Does Post Traumatic Stress Disorder Count For STD?

The wars of the last decade led to a marked increase in the number of people suffering from post traumatic stress disorder (PTSD). Combat experience is not a necessary cause of this psychological condition but it is a frequent reason behind the development of symptoms. Many of those who have been afflicted with this syndrome want to know more about the ways that they can receive help in the workplace, in the form of short-term and long-term disability benefits, when their symptoms manifest themselves.

PTSD: Various Origins and Impacts

PTSD can develop in some individuals as a result of exposure to any events that may inflict physical or emotional trauma. The actual diagnosis is left up to a psychologist or psychiatrist. The symptoms may include effects ranging from mild insomnia to waking hallucinations that endanger the individual and those around him or her.

Short-Term Disability and PTSD

When people suffer from diagnosed illnesses such as this, they often qualify for a variety of benefits in the work place and at both the state and federal level. For instance, many people with physical or psychological trauma in the past can receive long-term disability from the federal government. However, not everyone has the same profile when it comes to PTSD.

In order to qualify for long-term benefits, a person’s condition must generally leave him or her unable to function properly in the workplace for more than two weeks. In fact, such conditions might render the person unable to function at all. The benefits paid out for such situations are derived from Social Security Disability Insurance (SSDI). However, the federal government does not offer any kind of short-term disability (STD) benefits.

Short-term disability is something that impairs an employee’s ability to function for less than two weeks. However, its definition is not widely agreed upon because there is no widespread format for dispensing such benefits. This is a matter left up to the states and some states do not offer or sponsor any kind of STD benefits. Additionally, many employers offer STD benefits for employees that meet the policy requirements.

Qualifying for STD Benefits and Using Them

The specific requirements for receiving short-term benefits vary but there are some general similarities between all the policies at the state and employer levels. If you do not meet at least some of the following requirements, it is unlikely that you will qualify for short-term disability classification in any setting.

• Employees must submit medical paperwork proving the existence of the disorder or trauma.
• An employee must have worked for some minimum period of time for a company. This may vary from as little as 30 days to six months.
• In addition, there may be a minimum earnings requirement that must be met.
• There may be a pre-existing clause with regard to this specific form of request. Typical expectations may be 6 months at a minimum.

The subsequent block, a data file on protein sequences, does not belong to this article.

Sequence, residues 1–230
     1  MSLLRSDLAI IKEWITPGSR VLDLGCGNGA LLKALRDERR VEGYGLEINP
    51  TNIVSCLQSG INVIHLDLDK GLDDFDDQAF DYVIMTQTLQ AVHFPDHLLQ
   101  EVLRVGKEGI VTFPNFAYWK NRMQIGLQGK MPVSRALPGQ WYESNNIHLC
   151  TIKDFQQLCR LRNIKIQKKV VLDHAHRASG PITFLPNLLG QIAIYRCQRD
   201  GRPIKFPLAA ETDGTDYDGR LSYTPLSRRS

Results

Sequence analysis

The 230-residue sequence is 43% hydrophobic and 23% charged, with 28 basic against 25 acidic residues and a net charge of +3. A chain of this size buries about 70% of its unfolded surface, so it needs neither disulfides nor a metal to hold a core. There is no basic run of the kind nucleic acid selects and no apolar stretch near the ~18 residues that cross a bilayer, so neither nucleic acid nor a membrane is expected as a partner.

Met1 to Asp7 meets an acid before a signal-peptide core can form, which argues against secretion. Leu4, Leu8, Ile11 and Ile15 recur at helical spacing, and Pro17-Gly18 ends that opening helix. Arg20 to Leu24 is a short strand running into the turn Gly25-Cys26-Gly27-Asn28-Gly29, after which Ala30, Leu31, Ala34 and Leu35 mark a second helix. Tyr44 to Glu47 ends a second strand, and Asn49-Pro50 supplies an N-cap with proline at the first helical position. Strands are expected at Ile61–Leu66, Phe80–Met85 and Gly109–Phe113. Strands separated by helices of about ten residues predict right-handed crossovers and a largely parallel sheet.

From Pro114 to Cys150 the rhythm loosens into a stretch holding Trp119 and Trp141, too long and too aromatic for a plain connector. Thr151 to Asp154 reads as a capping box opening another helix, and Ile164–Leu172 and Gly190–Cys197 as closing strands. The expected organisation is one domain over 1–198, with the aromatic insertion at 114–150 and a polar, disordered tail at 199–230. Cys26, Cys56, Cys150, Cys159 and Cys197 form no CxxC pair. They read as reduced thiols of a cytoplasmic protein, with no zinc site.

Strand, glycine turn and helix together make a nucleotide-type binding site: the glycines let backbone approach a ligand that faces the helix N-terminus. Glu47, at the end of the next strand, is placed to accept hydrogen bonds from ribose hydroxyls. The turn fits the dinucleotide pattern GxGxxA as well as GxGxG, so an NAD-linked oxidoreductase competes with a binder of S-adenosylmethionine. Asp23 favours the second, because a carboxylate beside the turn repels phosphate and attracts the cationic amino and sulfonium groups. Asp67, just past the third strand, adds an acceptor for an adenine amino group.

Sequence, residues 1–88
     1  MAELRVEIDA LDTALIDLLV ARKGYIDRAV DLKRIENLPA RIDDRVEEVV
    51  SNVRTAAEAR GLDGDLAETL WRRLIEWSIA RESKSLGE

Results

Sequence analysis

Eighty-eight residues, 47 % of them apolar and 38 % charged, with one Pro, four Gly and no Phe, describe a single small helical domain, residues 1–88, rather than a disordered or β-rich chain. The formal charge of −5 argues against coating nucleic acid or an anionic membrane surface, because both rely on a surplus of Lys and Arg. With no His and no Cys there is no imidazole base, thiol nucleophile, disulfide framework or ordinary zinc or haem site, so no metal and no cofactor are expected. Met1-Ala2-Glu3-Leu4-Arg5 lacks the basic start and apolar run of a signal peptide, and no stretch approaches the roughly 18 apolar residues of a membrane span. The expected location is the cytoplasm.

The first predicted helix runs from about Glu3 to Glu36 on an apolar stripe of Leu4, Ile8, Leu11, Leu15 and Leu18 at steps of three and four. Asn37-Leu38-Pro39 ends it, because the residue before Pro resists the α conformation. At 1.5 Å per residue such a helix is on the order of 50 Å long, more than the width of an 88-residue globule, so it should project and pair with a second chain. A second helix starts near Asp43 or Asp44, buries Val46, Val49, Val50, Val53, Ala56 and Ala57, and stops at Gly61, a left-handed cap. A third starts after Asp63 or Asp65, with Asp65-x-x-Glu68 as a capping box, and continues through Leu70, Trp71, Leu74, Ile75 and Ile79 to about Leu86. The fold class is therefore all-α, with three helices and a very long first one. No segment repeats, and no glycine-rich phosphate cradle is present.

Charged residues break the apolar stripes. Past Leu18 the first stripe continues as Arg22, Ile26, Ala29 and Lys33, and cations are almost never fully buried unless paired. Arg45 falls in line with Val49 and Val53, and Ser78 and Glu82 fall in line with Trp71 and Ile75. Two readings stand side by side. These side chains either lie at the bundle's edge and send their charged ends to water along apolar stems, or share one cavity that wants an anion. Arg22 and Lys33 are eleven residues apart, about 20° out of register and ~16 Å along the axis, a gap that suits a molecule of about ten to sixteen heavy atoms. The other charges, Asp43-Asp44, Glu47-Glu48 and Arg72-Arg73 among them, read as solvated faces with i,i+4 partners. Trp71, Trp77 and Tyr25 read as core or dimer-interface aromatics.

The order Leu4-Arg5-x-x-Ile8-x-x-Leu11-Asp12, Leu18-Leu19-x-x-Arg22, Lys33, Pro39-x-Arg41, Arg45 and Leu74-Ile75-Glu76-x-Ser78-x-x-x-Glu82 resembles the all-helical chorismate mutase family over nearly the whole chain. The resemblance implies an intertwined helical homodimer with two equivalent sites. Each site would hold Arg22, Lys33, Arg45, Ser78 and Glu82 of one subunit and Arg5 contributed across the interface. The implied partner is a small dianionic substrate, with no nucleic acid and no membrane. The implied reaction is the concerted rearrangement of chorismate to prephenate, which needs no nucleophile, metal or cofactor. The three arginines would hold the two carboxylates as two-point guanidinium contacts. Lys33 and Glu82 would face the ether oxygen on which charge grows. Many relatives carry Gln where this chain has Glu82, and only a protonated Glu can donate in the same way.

• Most employers enforce a one-week waiting period before paying any benefits.
• The PTSD must not be related to the work place or an incident that occurred in the workplace. In such a case, there would be other sources of assistance available and short-term disability is utilized only when there are no other resources available.
• Typically, benefits last no more than a total of 26 weeks. However, this number also varies by state. California oversees a system that allows up to 52 weeks of benefits for STD.
• The size of the benefits varies but is usually around 60% of the prior wage or salary.

Do You Qualify?

Unfortunately, there is not a good track record for awarding short-term disability benefits to employees suffering from PTSD. If you are going to attempt to qualify for such benefits, you should be prepared to submit a lot of paperwork. In most cases, it will not be sufficient to have a general practitioner simply submit a diagnosis after having seen you on one occasion. PTSD diagnoses are very subjective and usually require multiple sessions in therapy to diagnose to the satisfaction of employers or states.

In order to manage this process successfully, employees may want to access a website known as the Job Accommodation Network (JAN). This independent network interacts directly with the employee to satisfy concerns and direct him or her to the proper authorities and resources. Many of the workers in this agency are themselves disabled and have experience in managing this situation at both the personal level and the bureaucratic level.
If the way forward is complicated by heavy demands or indecipherable paperwork, the best solution may be to involve a medical professional in the process. For example, a therapist would be an ideal person to contribute any needed testimony and general support through the process. Examples of testimony might be more than simple reports about therapeutic results but also include hospitalizations and drug prescriptions.

There are not many records of people getting short-term disability for PTSD without going through a long process. Employees should be prepared to do more than submit paperwork. They may also have to wait until every other resource has been either denied or used up before short-term benefits become available. In addition, STD benefits only last for a short period. As soon as they are acquired, employees may have to begin another process as they open a case for long-term disability through the federal government, an employer or both.

It is not necessary for employees with PTSD to do this alone. In addition to the JAN and therapists, employees may discover resources with their employers or their states to help them handle the process effectively.

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